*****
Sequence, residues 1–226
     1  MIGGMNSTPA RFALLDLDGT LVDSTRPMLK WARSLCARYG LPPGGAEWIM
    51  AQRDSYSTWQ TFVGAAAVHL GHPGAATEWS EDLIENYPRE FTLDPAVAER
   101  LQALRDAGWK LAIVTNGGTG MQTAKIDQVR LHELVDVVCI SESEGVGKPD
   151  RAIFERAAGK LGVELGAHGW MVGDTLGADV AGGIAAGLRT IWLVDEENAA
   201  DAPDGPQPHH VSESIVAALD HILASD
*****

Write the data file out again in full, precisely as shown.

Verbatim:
Sequence, residues 1–226
     1  MIGGMNSTPA RFALLDLDGT LVDSTRPMLK WARSLCARYG LPPGGAEWIM
    51  AQRDSYSTWQ TFVGAAAVHL GHPGAATEWS EDLIENYPRE FTLDPAVAER
   101  LQALRDAGWK LAIVTNGGTG MQTAKIDQVR LHELVDVVCI SESEGVGKPD
   151  RAIFERAAGK LGVELGAHGW MVGDTLGADV AGGIAAGLRT IWLVDEENAA
   201  DAPDGPQPHH VSESIVAALD HILASD